Winter birds are something to see in Meridian Township

By Lauren Captain
The Meridian Times Staff Reporter

One drive through Meridian Township and it is not hard to notice the barrier of woods and the character of the trees that surround the area. During the winter, this wooded township hosts many events to the families of Okemos and Haslett. Each winter weekend through the months of January and February, they host “Family Winter Fun Weekends.” This is a time when lots of families come out to attend each event and stay connected in their township and roots of Michigan. With families of all ages to experience this day with the outdoors of winter birds around, even people from outside the community of Meridian came to listen in on the bird calling. Maci Laurel Robinson, 21, of East Lansing took the children she nannies for; Gwen, Sophia and Carson to this event as well.

Bird-safe glass helps birdbrains avoid windows

Capital News Service
LANSING — You hear an unpleasant thud; unsettled and surprised you investigate. The culprit is a bird, dead on arrival. Like a scene out of an Alfred Hitchcock movie, birds are crashing into windows at alarming rates. Between 365 million and 988 million birds die annually from window collisions in the U. S. and Canada, according to a recent study. You may say, “Birds crash into windows, who gives a cluck?” Actually, quite a few people do.

Dead birds spur cleanup of longstanding DDT contamination

Capital News Service
LANSING — When residents of St. Louis described the death of birds in their small mid-Michigan community, Matt Zwiernik recalled studies by another Michigan State University scientist more than 50 years earlier. “It was exactly as George Wallace described it,” said Zwiernik, director of the university’s Wildlife Toxicology Laboratory. “They had tremors and seizures and they were fluttering on the ground as if they had a broken wing or were taking a dust bath.”

And they soon died. Wallace was the MSU ornithologist whose research into how the insecticide DDT killed birds was cited by Rachel Carson in her landmark book Silent Spring.

Michigan birders ID favorites

Capital News Service

LANSING – If you ask about their favorite birds of the region, they almost always have one response: “That is a really hard question.”
Bird watching is a social activity as much as an appreciation for nature’s only feathered vertebrates. According to a U.S. Fisheries and Wildlife survey, there are 47 million bird watchers over the age of 16 in the United States. About 30 percent are over the age of 55, while 16 percent are between 16 and 34. “Birds are our most-watchable form of wildlife,” said Jonathan Lutz, executive director of the Michigan Audubon Society. “We tend to think of them as ‘well they’re just birds,’ but it’s the form of wildlife more available to the most people in different settings.”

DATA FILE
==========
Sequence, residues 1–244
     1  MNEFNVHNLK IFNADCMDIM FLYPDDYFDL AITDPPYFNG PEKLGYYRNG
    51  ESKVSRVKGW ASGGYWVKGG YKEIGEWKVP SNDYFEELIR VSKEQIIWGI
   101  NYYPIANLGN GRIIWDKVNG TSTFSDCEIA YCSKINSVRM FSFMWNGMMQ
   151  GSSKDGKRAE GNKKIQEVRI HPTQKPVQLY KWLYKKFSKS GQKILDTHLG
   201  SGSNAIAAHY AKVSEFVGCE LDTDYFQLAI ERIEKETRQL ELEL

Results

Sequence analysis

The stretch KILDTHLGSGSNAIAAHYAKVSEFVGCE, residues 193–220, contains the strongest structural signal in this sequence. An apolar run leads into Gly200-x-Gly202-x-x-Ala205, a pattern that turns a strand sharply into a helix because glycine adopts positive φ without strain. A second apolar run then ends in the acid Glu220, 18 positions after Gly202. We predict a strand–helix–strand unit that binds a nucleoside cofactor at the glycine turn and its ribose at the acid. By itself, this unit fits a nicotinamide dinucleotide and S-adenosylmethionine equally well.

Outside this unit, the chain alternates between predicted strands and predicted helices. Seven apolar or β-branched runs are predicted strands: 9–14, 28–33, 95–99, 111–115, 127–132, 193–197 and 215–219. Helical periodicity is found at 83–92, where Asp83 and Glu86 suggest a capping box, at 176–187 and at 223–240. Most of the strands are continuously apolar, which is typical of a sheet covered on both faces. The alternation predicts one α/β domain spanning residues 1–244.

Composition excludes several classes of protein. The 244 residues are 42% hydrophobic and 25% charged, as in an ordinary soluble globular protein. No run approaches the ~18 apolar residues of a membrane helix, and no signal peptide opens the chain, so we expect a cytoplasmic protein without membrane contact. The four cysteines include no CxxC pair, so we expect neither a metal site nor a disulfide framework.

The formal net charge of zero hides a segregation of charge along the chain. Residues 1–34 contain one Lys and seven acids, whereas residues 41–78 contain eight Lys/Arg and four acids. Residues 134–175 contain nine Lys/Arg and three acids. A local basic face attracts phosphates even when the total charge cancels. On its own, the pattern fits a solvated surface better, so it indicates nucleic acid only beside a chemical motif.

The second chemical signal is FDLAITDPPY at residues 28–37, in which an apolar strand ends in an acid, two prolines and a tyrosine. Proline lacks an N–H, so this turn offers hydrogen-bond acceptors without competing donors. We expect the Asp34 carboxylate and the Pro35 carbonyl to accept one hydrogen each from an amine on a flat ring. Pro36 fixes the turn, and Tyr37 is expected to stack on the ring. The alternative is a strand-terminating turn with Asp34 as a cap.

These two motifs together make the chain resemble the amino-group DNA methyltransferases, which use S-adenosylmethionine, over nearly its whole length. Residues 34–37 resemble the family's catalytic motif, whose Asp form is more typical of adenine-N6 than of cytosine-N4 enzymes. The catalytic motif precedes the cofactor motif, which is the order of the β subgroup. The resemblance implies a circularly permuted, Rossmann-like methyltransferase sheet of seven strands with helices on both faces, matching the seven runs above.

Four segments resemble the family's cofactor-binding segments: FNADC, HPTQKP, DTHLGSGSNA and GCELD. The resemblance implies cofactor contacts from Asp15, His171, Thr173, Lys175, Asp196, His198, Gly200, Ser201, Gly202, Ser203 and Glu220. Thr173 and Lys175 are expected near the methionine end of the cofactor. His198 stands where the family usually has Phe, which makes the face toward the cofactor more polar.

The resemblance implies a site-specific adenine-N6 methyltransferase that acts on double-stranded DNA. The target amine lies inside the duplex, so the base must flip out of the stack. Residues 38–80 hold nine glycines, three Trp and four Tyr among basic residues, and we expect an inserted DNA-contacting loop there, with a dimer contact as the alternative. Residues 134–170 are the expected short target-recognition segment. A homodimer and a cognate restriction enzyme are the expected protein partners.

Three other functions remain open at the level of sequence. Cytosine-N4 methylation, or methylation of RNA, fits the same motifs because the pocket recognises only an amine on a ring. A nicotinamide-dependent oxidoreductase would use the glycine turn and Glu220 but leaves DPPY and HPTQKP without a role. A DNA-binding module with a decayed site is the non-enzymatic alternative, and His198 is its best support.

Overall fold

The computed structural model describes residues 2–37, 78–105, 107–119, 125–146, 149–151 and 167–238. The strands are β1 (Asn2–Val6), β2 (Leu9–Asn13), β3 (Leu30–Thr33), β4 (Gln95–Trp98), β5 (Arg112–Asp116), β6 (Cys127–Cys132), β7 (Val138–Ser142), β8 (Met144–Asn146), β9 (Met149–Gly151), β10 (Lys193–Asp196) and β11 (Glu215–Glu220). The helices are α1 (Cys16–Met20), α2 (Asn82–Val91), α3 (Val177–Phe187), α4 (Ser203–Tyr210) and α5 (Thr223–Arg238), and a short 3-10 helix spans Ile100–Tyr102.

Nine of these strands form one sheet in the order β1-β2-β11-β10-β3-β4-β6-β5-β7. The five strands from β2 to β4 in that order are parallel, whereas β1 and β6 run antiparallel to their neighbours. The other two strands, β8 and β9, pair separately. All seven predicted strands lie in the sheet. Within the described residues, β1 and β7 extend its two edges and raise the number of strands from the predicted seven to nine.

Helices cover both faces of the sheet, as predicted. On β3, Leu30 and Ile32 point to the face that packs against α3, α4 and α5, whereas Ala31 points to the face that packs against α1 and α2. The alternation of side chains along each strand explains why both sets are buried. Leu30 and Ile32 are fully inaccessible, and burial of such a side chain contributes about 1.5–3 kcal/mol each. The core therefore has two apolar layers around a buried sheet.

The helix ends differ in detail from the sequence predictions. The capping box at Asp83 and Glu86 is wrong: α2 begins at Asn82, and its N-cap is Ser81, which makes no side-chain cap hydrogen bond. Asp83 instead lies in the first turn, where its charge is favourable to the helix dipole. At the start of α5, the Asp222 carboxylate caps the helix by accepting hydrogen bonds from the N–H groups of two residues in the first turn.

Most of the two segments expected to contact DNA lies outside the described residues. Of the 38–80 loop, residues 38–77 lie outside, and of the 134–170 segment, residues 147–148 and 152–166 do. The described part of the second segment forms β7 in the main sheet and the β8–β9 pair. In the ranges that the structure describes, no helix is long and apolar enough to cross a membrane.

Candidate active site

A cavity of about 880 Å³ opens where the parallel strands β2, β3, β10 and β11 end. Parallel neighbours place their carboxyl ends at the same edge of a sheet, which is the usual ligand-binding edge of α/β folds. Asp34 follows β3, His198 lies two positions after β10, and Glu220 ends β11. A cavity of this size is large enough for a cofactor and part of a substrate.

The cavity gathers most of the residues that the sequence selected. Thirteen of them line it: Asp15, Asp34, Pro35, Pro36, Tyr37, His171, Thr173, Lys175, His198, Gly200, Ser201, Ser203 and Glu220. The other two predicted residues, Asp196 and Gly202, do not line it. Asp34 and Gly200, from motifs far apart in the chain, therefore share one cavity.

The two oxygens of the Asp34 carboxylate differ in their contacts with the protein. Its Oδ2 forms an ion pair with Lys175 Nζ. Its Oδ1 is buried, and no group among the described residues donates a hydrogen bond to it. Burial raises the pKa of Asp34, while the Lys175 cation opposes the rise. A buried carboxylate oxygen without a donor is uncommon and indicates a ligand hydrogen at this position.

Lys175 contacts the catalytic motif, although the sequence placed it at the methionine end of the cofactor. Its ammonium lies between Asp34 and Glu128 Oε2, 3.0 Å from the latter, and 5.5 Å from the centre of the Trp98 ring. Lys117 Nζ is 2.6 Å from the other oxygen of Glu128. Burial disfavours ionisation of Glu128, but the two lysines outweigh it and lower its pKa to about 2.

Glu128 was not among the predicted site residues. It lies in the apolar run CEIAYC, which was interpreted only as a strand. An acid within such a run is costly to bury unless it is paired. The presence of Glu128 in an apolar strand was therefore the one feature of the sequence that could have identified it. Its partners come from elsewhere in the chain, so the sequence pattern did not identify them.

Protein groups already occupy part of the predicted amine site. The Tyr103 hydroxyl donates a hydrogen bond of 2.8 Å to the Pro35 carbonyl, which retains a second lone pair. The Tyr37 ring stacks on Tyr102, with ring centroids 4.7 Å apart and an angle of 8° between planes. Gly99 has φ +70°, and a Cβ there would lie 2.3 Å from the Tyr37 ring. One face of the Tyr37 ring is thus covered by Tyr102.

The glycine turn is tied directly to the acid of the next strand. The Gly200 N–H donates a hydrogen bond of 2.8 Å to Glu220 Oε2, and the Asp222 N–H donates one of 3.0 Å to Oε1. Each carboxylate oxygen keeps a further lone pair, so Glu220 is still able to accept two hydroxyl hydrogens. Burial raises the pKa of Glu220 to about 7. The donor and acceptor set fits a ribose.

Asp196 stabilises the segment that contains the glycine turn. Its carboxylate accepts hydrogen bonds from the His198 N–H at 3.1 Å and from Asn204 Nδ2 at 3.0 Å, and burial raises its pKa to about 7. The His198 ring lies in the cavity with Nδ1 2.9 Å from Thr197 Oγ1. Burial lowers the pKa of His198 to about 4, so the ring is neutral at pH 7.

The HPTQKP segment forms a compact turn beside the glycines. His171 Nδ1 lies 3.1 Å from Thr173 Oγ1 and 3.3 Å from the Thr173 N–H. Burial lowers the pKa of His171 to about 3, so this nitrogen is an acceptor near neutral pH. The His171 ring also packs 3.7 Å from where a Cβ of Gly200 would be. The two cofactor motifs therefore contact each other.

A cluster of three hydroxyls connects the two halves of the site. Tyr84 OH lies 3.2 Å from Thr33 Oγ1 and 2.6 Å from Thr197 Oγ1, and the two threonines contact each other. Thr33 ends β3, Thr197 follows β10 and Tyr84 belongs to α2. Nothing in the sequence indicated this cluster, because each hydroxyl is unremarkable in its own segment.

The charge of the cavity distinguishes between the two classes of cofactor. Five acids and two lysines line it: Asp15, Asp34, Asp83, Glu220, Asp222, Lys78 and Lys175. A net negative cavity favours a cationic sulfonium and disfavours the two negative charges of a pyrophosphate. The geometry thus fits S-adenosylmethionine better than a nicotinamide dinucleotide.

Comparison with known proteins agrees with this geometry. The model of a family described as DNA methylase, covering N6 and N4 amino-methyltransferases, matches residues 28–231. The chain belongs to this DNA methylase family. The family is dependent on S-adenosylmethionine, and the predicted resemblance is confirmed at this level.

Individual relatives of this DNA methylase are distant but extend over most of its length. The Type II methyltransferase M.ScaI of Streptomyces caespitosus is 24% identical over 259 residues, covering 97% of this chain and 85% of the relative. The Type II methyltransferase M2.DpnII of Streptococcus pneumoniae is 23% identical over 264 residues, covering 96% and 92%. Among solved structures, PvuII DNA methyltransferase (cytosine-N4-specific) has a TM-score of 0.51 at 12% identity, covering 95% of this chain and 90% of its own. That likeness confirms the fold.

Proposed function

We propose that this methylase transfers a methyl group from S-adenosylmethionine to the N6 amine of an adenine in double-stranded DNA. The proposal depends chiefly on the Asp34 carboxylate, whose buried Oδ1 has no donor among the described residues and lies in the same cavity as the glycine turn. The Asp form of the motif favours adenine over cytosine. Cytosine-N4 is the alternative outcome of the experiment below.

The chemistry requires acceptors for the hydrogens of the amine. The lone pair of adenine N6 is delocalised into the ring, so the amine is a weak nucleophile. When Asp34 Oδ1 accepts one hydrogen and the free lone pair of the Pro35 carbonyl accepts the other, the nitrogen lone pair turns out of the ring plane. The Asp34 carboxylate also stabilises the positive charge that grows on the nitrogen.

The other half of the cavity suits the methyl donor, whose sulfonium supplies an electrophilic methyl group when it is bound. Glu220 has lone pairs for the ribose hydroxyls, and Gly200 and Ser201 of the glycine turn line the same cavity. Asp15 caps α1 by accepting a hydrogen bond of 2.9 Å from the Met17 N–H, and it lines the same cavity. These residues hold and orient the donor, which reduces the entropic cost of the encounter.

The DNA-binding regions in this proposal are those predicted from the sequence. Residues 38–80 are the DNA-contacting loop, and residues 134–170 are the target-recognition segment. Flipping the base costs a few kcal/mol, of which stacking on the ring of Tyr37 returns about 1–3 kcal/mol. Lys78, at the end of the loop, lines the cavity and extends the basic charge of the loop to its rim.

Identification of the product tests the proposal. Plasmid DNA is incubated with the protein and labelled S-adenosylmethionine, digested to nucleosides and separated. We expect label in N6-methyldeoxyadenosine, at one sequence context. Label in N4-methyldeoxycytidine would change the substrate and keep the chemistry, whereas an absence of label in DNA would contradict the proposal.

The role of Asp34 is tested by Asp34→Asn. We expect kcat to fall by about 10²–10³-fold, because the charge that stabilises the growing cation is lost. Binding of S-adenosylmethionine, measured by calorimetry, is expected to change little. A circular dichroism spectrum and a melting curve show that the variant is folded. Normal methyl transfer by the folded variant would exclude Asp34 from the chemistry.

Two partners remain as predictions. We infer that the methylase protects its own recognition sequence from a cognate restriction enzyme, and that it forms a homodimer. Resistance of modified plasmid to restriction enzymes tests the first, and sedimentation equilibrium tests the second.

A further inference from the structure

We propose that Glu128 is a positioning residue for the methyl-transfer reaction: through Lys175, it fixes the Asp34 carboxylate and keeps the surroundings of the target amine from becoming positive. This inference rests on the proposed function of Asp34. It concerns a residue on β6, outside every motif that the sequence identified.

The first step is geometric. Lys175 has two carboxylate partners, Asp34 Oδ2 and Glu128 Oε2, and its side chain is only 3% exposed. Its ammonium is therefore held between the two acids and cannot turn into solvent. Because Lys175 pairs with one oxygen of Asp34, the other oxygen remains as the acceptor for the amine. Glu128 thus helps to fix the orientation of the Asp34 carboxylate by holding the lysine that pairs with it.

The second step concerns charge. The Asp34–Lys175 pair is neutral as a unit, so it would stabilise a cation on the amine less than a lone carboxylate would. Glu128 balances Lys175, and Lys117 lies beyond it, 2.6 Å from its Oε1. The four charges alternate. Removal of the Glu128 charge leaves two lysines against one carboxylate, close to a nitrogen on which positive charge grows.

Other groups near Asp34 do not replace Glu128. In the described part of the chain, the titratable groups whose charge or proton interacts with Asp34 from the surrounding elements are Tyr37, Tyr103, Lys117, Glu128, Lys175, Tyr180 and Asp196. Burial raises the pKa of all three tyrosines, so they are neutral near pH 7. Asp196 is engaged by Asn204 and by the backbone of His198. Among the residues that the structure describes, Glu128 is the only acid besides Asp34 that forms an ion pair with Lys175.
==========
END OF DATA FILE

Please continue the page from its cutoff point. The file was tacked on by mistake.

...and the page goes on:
Sean Williams, a doctoral student studying zoology at Michigan State University, is no stranger to tracking down rare birds.

Ecologist James Ludwig discusses the “Dismal State of the Great Lakes”

Capital News Service
LANSING — In his new book, “The Dismal State of the Great Lakes,” ecologist James Ludwig explains his personal and professional journey in realizing the extensive damage that has been done to the Great Lakes. Ludwig, 72, spent the majority of his career studying chemical pollution of the Great Lakes and its effects on birds. In the 1980s, he gained notoriety for raising a cormorant named Cosmos, whose bill had genetic damage linked to pollutants. Ludwig used the bird to communicate the hazards of chemical pollution to a variety of audiences, including members of Congress. Ludwig, originally from Port Huron, now lives in Canada where he writes and remains active in Great Lakes ecological matters.

Birds with high-tech backpacks bring back info

Capital News Service
LANSING – Endangered birds in Michigan are sporting tiny locator backpacks to help determine how they get to their winter homes. During the summer, Kirtland’s warblers nest only in certain areas of Michigan, Wisconsin and Ontario, according to the Department of Natural Resources (DNR). In Michigan, they are found in 13 counties, from Lake Huron west to Kalkaska County and from Presque Isle County south to Ogemaw County. During the winter they migrate south to the Bahamas. The question is, how do they get there?

Birding Capital proposal dead duck for now

Capital News Service
LANSING – Nobody’s talking about designating the small Thumb village of Pigeon as Michigan’s birding capital. Or Eagle Harbor on the Keweenaw Peninsula. Or Hawks, northwest of Alpena. Or even Eagle, located west of Lansing. But Iosco County would become the state’s birding capital under a legislative proposal that’s a dead duck – at least for this year.